In a study of 1,000 mainline and evangelical pastors conducted by LifeWay Research this year, only 26 percent said they had addressed the country’s incarceration rates in the past six months.
Four out of five pastors (83%) said they had visited a correctional facility, and about three out of four pastors whose churches averaged 250 or more attendees reported that individual members were ministering to those in correctional facilities (80%), the families of the incarcerated (73%), and those coming home (78%). But these same churches were far less likely to have formal programs: Just over half (53%) said a team from their church worked in correctional facilities. About 1 in 4 churches had a formal ministry to families of incarcerated people (24%) and people leaving correctional facilities (22%).
Responses varied dramatically by race. One third of African American pastors (32%) reported mentioning mass incarceration in the last month, compared with only 7 percent of whites. White pastors were most likely to say that they had never addressed it in a sermon (41%).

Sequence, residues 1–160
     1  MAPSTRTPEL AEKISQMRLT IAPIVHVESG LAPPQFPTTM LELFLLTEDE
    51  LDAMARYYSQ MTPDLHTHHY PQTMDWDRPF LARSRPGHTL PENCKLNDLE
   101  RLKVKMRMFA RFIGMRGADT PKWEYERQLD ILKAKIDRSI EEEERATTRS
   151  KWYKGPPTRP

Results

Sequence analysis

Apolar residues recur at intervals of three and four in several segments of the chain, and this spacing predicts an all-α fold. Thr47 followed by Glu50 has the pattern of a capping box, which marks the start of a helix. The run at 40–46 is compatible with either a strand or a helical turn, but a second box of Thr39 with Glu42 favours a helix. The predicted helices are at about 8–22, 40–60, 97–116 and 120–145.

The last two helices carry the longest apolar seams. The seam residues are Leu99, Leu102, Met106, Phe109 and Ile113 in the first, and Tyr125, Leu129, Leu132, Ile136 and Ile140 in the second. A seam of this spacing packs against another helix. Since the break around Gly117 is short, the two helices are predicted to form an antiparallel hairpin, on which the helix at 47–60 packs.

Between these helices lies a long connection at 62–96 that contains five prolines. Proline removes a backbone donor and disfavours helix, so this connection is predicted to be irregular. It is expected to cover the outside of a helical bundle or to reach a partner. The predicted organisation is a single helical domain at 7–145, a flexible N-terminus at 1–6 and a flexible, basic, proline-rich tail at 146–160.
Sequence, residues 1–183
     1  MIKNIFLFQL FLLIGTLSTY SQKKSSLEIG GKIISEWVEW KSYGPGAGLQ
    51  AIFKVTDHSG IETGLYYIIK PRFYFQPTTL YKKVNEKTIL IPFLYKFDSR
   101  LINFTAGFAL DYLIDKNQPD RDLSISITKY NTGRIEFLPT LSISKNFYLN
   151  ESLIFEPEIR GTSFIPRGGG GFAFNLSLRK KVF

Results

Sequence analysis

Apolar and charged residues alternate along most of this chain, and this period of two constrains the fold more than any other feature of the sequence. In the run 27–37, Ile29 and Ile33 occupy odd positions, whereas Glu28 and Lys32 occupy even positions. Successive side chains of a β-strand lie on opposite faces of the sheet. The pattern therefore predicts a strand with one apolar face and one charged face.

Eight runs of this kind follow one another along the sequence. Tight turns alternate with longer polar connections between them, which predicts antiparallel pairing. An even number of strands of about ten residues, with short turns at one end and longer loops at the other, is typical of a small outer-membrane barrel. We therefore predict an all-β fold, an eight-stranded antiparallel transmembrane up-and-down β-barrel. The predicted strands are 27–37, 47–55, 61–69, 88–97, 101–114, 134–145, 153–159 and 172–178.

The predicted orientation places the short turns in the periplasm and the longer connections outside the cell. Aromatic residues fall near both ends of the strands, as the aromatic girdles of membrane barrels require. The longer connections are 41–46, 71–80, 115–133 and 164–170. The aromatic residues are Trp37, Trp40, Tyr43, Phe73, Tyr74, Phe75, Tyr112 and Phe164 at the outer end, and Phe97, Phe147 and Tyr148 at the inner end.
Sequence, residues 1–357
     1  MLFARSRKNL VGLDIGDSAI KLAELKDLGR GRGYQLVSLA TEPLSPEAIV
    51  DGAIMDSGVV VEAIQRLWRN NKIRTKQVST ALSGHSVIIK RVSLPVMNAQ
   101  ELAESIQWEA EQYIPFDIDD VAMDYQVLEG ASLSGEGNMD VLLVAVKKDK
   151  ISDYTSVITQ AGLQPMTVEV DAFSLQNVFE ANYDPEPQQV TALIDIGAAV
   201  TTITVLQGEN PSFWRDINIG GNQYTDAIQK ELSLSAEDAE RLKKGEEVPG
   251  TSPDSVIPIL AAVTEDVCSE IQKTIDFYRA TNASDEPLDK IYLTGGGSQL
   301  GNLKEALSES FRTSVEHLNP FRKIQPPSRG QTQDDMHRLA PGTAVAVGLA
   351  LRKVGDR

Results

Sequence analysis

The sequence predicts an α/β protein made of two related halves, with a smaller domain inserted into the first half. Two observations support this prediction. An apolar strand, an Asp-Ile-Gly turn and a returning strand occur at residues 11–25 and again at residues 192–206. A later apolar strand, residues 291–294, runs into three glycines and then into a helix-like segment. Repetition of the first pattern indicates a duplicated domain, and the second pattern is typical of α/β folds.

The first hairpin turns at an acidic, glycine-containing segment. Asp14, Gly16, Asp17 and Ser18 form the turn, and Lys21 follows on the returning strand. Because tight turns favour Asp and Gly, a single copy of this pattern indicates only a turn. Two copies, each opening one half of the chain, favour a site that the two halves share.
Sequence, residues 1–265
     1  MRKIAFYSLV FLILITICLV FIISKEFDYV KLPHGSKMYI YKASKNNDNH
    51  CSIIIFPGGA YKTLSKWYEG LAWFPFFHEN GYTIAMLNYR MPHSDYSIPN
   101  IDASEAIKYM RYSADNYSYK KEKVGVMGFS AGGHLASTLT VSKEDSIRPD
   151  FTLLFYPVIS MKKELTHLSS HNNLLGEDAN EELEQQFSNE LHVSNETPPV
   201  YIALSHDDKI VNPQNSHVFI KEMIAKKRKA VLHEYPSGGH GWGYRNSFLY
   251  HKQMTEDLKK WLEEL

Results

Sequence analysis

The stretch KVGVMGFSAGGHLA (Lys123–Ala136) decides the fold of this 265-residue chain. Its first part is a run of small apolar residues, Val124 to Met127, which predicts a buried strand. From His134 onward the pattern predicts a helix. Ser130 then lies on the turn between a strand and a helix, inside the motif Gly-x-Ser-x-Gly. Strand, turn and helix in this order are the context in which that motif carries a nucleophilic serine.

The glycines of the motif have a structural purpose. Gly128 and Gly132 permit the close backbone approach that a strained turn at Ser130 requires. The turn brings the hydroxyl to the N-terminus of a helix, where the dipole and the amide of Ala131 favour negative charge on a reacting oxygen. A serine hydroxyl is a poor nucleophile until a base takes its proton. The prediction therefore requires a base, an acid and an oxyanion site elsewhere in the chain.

That’s partially because of their audience: About one third of African American pastors (29%) estimated that 10 percent or more of their church’s attendees currently had an incarcerated family member. Fewer than 1 in 10 white pastors (8%) said the same.
About one third of churches overall said that no one in their congregation had been previously incarcerated. That was more likely to be true for majority-white churches (33%) than majority-black churches (19%).
Overall, however, Karen Swanson, director of the Institute for Prison Ministries at the Billy Graham Center at Wheaton College, thinks these latter numbers are too high. Instead, it’s likely ...1